Following the launch of Critical Role Productions, Willingham was installed as the company’s CEO. He has been married to Laura Bailey since 2011. They had their first child in 2018.
List of Critical Role player characters by campaign
Though the same cast returns for each campaign of Critical Role, they play different characters each time. To this point, no player has reprised one of their characters across multiple campaigns, but player characters from previous campaigns have appeared as NPCs. Here are all the main characters in each Critical Role campaign, and who played them.
Campaign One: Vox Machina
- Pike Trickfoot (Ashley Johnson)
- Grog Strongjaw (Travis Willingham)
- Keyleth of the Air Ashari (Marisha Ray)
- Vex’ahlia de Rolo (Laura Bailey)
- Vax’ildan Vessar (Liam O’Brien)
- Percival Fredrickstein Von Musel Klossowski de Rolo III (Taliesin Jaffe)
- Scanlan Shorthalt (Sam Riegel)
- Taryon Darrington (Sam Riegel)
- Tiberius Stormwind (Orion Acaba)
There were two notable changes that occurred during season one that impacted the cast. Orion Acaba was originally part of the main cast playing Tiberius Stormwind, a dragonborn sorcerer. Acaba was a part of the series through the first 27 episodes, with Acaba’s departure from the show being announced ahead of the 30th episode. Matt Mercer controlled Tiberius following his departure, with the character being written off the show in episode 37.
The exact reason for Acaba leaving Critical Role is unknown, but multiple individuals that were not a part of the show accused him of various misdeeds. Foremost among them were allegations of abuse by an ex-girlfriend. Acaba later acknowledged having substance abuse issues.
Later in the series, Sam Riegel changed characters from the gnome bard Scanlan to human artificer Taryon. In the story, this stemmed from disputes within the party but there wasn’t any apparent issue between the players. This campaign was later adapted into an animated series entitled The Legend of Vox Machina, with the cast reprising their roles outside of Acaba.
Campaign Two: Mighty Nein
- Yasha Nydoorin (Ashley Johnson)
- Jester Lavorre (Laura Bailey)
- Caleb Widogast (Liam O’Brien)
- Mollymauk Tealeaf (Taliesin Jaffe)
- Caduceus Clay (Taliesin Jaffe)
- Beauregard Lionett (Marisha Ray)
- Fjord Stone (Travis Willingham)
- Nott the Brave (Sam Riegel)
The main cast of Mighty Nein remains steady, with one major exception. Early on in the series, Taliesin Jaffe’s Mollymauk Tealeaf died in battle, which was the first permanent death of a player character and to this point the only unplanned player character death in Critical Role history.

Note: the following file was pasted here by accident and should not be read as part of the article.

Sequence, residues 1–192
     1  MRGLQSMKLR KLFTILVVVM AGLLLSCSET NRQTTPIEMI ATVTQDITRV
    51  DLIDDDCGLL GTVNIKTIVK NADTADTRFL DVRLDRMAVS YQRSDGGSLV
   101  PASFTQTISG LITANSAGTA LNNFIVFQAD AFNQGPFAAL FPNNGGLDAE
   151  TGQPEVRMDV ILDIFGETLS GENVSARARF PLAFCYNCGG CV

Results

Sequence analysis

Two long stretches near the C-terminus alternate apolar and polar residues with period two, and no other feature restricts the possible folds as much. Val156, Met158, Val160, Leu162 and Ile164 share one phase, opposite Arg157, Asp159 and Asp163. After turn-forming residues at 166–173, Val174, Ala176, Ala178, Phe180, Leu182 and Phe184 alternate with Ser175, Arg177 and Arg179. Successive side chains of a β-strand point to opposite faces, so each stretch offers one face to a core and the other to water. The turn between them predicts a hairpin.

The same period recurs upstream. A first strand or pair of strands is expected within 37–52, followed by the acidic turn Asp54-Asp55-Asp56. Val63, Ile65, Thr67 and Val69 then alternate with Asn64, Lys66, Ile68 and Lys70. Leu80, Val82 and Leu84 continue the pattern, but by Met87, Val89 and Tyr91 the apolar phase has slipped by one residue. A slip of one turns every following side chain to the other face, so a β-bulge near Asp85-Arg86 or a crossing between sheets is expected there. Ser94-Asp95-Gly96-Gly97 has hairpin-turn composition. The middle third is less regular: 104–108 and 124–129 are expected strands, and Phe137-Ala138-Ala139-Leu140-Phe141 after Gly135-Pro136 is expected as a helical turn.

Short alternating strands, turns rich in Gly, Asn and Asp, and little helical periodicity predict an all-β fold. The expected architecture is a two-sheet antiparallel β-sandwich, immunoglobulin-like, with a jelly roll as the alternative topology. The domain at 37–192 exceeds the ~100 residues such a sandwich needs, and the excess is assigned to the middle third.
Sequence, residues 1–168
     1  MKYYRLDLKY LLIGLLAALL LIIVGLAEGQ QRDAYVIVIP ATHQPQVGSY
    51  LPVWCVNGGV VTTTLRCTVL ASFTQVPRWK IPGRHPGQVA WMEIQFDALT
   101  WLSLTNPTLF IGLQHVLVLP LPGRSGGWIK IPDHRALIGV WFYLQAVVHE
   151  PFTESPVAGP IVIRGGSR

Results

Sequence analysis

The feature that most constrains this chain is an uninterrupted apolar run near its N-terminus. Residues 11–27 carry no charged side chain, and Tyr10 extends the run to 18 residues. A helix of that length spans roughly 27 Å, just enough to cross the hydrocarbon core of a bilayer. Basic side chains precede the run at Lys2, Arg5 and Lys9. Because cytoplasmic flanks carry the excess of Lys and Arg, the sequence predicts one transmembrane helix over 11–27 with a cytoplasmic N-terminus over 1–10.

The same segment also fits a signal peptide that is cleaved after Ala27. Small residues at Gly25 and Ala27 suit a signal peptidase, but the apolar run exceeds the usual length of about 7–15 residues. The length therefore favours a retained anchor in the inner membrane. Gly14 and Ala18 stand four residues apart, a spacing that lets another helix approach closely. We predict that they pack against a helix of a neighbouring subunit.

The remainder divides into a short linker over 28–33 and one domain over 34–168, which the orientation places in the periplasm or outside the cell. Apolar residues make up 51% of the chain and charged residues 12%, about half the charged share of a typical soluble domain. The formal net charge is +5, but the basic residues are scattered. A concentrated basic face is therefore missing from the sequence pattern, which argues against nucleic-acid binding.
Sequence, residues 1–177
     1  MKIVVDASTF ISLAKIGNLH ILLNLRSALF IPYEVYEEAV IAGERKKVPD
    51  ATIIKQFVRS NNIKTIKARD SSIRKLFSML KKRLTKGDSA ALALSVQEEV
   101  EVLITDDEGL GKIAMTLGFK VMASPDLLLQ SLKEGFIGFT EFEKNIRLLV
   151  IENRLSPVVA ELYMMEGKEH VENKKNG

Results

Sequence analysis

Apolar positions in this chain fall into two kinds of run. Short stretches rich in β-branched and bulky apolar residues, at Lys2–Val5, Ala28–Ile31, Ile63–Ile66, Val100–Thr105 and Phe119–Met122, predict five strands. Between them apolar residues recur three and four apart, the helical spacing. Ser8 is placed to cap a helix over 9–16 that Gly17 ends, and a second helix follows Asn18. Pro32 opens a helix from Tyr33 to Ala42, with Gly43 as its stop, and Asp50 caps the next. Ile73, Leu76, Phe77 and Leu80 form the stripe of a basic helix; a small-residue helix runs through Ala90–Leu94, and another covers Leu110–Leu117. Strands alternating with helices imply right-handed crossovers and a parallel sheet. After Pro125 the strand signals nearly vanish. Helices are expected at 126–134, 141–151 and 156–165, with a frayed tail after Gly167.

After sitting out of the game for a short time, Jaffe returned as the new character Caduceus Clay. Despite this, Mollymauk loomed over the story and became an increasingly large presence as the campaign continued.
Campaign Three: Bells Hells
- Bertrand Bell (Travis Willingham)
- Chetney Pock O’Pea (Travis Willingham)
- Orym of the Air Ashari (Liam O’Brien)
- Ashton Greymoore (Taliesin Jaffe)
- Fresh Cut Grass (Sam Riegel)
- Imogen Temult (Laura Bailey)
- Laudna (Marisha Ray)
- Fearne Calloway (Ashley Johnson)
While campaign two was largely distanced from the events and characters of campaign one, campaign three features many callbacks to the past. Travis Willingham begins the campaign as Bertrand Bell, a character he played in a one-shot sequel to Vox Machina centered around saving Grog. Bertrand is killed early on to set up Willingham’s main character for the campaign, Chetney Pock O’Pea.
Alongside this, multiple player characters have direct ties to player characters and major villains from previous campaigns. The series also features a greater number of guest players, which was established right as the start with Robbie Daymond being presented as a main cast member in early episodes. This proved to be a running theme in the season as there was a rolling cast that changed regularly, bringing in individuals that appeared as guests or in one-shot episodes as major characters.